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visions. Subsequently he was a produce merchant, and enjoyed a term of prosperity. Whoever is familiar with the latter business knows how liable it is to extreme fluctuations, by which fortunes are made or lost in a single month. Adams enjoyed no immunity from the reverses by which his neighbors were suffering. He failed, and lost every dollar. When the tide of fortune again turned in his favor he paid up all of his old debts. One of those from whom we had the story, was himself a beneficiary of this act of unusual justice. The debt was some years old, and the creditor had forgotten it, when he was surprised by Alvin Adams stopping him in the street, reminding him of it, and requesting him to send it to bim for payment.

In May, 1840, Alvin Adams and P. B. Burke started an Express in direct competition with Harnden, under the style of Burke & Co. After a few months of “uphill work' Burke retired, and Mr. Adams executed all the business of the “opposition” himself. He was its messenger, cashier, receiptclerk, label boy, and porter. He employed no wagon, nor did Harnden, until a year or two elapsed, for they had only small and valuable parcels to deliver in those days.

We believe that Burke never returned to the Express business.

For the first week or two, Adams could have stowed it all in his hat; nor did he carry anything more than a valise for several months from the commencement. For a long time he found it the hardest kind of work to obtain a share of the public patronage sufficient to pay his expenses, so strong a hold had the prosperous Original Expressman obtained upon the confidence and good-will of the community. Indeed, very many people regarded Adams as an interloper upon a field of enterprise fairly won by Harnden, and manifestly his “ by the right of discovery.” It is more than probable that not a few of Adams' personal friends looked upon his new business disapprovingly, or damaged it by faint praise. We know that some of them had no sympathy with it. Thy thought, with the

, majority, that there would never be enough business of the kind for more than one Expressman; never dreaming that in less than eighteen years afterwards it would furnish employ. ment for more than five thousand persons. Indeed, that was not a time to be sanguine about business of any kind except politics. It was the memorable year of the Harrison Presidential Election, and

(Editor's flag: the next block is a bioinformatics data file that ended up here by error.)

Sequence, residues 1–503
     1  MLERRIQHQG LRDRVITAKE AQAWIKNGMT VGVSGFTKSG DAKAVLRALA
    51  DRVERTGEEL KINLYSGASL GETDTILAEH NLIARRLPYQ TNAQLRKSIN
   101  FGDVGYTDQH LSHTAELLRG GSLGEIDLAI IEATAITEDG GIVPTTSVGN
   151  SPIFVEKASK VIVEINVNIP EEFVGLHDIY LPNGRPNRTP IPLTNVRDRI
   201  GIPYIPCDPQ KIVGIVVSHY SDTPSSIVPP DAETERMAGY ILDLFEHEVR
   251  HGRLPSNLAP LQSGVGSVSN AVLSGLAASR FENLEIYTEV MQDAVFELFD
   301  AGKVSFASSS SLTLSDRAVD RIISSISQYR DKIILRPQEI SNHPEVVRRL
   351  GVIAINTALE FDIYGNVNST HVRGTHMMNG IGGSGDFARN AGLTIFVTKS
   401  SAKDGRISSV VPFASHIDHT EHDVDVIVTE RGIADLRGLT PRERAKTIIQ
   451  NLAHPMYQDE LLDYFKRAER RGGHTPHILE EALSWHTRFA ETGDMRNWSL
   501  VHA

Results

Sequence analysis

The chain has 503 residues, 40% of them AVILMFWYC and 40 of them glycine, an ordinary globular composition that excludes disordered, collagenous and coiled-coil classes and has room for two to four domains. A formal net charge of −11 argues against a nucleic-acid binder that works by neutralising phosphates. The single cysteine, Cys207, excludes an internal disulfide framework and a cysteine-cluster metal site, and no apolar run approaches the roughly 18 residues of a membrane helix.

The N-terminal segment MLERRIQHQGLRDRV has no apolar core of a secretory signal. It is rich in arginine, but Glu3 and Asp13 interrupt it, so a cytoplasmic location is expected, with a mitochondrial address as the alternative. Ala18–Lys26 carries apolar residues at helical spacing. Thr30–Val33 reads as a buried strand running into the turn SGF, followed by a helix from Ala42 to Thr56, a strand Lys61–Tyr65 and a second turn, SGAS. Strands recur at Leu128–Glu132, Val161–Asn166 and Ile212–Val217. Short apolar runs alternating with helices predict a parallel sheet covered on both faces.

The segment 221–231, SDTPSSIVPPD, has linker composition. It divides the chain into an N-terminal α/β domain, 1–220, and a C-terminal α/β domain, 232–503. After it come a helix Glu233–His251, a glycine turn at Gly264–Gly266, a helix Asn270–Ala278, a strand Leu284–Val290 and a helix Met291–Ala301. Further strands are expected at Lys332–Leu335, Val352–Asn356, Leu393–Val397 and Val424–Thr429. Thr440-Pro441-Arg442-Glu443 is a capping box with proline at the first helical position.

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monopolized more attention than the mart or the counting

For an unprecedented length of time the industry and mercantile interests of the whole country had been depressed and almost ruined. Any change of rulers, it was said, could not but be for the better, and the people were full of the idea of a revolution in the national administration, with a view to improving affairs in general, and business in particular.

Subjected to the double disadvantage of an unpropitious period for a new enterprise, and a degree of antagonism to it in the community on the part of the very people upon whose favor it was dependent for a support, it is not to be wondered at that Burke should so soon have abandoned the undertaking. It certainly was very discouraging, but Alvin Adams was not the man to back down. After Burke left him, in 1840, he conducted the Express, as we have said, entirely alone. He had no capital, nor, indeed, had Harnden at that time. Shortly afterwards, he took Ephraim Farnsworth into copartnership, and gave him the charge of the New York office; but the connection did not last long. Farnsworth died some years ago. We speak of what the second Express had to contend with, the better to illustrate the innate energy and perseverance of Haruden & Co.'s earliest competitor, and his remarkable fitness for the occupation, which in calm disregard of sneers and remonstrances, and still stronger opposition, he persisted in following. It has been often said, that neither Harnden nor Adams, nor anybody else, could possibly have anticipated, at the outset, that the Express business would ever attain to the importance that it has; and doubtless that was so; but no one can look upon the intelligent countenance and ample forehead of Alvin Adams without the conviction, that he had the sagacity to look forward to the realization of far greater results from the enterpise than any other man. It is difficult to believe that a person of his mental power and business experience